Depicting a Wall of Flowers
In commemoration of the release of Kenshi Yonezu's new single Flowerwall, Natalie.mu has conducted an interview with the man himself.
In 2014, he released his album YANKEE, then had his first one-man concert and a nationwide tour. In this interview, he discusses how his experiences in the last year have greatly affected his stance as an artist. In addition, he talks about his new song made to visualize a "wall of flowers," his goals, and his influences.
Q. First, let's start by talking about concerts. You had your first tour in December of 2014. Personally, I saw you in Osaka, and it was really great. It had a more impressive impact than the one-man show in June, I think. How was the tour experience for you?
A. It was short, but I enjoyed it. I also felt exhausted at times, but thankfully I could enjoy it on the whole. After all, before I started doing concerts, I thought "I bet I won't even be able to enjoy myself."
Q. Won't even be able to enjoy yourself?
A. Yeah. I've never thought I'd be capable of doing everything from the beginning. I'm lacking in technical aspects, and there's a lot about concerts that I just don't understand, more than I realize. So then I wondered, "What can I do?", and my answer was "see if I can enjoy it." See if I feel like doing a concert again or not. That was the important thing, I supposed. I'd give up, in a sense, on the stuff I couldn't do, and enjoy it. And get others enjoying it. That's basically all I was thinking.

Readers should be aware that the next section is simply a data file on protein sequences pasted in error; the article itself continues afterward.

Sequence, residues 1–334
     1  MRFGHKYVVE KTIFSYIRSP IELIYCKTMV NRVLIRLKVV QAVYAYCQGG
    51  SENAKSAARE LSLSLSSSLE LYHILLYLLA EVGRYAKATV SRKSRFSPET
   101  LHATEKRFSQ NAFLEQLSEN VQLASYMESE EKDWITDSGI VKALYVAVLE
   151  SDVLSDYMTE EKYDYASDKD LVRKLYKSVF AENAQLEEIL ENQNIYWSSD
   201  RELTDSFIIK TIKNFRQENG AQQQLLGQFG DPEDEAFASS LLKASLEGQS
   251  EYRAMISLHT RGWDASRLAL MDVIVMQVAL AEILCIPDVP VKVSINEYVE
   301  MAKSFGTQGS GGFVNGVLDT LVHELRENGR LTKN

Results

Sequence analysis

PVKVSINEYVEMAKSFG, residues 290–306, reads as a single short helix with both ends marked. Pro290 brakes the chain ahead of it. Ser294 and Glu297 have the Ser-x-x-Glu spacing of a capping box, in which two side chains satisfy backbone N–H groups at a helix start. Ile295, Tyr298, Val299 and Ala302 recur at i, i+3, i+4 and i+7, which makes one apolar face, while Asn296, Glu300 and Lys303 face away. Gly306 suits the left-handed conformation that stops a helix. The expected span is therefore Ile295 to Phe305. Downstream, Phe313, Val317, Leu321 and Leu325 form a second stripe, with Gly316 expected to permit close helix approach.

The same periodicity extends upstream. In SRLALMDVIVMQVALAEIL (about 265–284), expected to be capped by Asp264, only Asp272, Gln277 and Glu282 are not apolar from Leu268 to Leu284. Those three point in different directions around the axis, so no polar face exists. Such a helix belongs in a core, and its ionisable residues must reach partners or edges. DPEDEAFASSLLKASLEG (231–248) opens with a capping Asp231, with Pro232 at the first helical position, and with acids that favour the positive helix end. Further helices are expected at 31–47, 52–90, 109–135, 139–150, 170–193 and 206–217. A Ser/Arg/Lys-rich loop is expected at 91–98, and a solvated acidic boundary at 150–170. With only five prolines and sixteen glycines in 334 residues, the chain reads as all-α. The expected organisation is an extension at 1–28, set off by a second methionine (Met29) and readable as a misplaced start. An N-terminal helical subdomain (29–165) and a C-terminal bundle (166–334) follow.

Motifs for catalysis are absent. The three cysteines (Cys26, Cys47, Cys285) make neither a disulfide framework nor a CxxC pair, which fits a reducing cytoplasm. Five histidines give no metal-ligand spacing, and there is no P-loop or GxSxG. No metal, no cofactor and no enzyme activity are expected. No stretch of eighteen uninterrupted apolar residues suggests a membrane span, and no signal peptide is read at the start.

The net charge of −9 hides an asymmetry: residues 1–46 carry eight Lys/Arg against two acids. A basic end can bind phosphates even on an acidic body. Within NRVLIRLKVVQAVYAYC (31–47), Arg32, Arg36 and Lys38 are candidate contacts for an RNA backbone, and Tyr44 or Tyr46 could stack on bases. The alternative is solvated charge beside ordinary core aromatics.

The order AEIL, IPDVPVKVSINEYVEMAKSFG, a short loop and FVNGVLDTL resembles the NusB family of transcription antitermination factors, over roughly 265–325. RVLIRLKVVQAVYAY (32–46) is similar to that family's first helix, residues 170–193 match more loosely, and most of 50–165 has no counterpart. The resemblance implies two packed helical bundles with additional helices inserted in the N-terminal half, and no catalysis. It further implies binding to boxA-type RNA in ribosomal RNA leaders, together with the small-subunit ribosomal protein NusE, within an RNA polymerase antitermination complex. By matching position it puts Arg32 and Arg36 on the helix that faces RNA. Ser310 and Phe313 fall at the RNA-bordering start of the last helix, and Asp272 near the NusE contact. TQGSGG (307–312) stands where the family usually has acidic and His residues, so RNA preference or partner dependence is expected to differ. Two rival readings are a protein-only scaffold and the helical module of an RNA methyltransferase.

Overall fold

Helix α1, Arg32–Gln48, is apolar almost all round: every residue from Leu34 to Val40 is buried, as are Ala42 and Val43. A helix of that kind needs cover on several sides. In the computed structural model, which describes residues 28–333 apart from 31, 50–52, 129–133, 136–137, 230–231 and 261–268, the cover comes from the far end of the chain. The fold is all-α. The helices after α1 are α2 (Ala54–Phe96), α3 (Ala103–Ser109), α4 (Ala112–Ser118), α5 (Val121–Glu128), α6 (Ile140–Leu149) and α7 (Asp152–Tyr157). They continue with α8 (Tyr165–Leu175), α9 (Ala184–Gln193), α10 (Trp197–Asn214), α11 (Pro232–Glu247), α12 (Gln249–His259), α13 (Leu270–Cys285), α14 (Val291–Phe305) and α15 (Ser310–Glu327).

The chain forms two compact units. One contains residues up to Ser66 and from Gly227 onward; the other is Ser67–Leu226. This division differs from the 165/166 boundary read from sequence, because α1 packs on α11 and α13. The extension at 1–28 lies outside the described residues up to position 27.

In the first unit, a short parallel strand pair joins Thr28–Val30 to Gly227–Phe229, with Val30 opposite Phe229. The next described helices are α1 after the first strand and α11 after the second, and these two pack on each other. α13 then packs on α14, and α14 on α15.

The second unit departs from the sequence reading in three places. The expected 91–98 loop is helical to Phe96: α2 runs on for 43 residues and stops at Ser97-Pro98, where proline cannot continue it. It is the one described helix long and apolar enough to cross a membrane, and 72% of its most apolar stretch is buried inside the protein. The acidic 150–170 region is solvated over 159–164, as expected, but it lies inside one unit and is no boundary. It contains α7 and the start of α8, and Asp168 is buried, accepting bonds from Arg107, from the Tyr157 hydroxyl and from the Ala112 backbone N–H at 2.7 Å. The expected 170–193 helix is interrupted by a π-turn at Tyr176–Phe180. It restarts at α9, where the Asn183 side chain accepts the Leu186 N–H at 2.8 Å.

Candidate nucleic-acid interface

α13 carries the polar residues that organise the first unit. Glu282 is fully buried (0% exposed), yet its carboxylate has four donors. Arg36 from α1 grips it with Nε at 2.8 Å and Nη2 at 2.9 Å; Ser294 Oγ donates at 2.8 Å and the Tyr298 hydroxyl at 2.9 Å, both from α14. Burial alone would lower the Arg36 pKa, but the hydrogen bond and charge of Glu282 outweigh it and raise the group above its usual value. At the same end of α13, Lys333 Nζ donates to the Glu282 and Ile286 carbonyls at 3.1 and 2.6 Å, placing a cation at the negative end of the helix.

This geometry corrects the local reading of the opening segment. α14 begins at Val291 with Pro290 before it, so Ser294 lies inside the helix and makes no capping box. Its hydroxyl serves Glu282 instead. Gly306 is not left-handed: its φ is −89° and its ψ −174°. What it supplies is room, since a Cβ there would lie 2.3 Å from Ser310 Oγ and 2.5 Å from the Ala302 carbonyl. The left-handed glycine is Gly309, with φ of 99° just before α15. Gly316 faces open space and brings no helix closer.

Q. You first stood on stage last June. When that show ended, did you think "Sure, I'll do that again"?
A. I did.
Q. Was it mostly due to you personally having enjoyed it?
A. Yes. Since in the past, I'd had the experience of not enjoying it. I was in concerts in middle and high school... though I could count on them on one hand. Those weren't fun in the least. I couldn't hear my own singing, and I even felt myself asking "What's fun about this?" So I gradually came to dislike concerts.
Q. When you first changed from Hachi to Kenshi Yonezu and released your first album under that name, you still weren't thinking about concerts.
A. Indeed. When I made diorama, I enjoyed making the music, without so much as a thought about live performances. But as I started making YANKEE, I came to think that I have to give my music to listeners face-to-face, that it was coming time for me to do concerts. That said, I was still hesitant at that point. I didn't want to do it if I didn't have to, and I wasn't sure if there was any value in doing it. But I'd try it once, at least.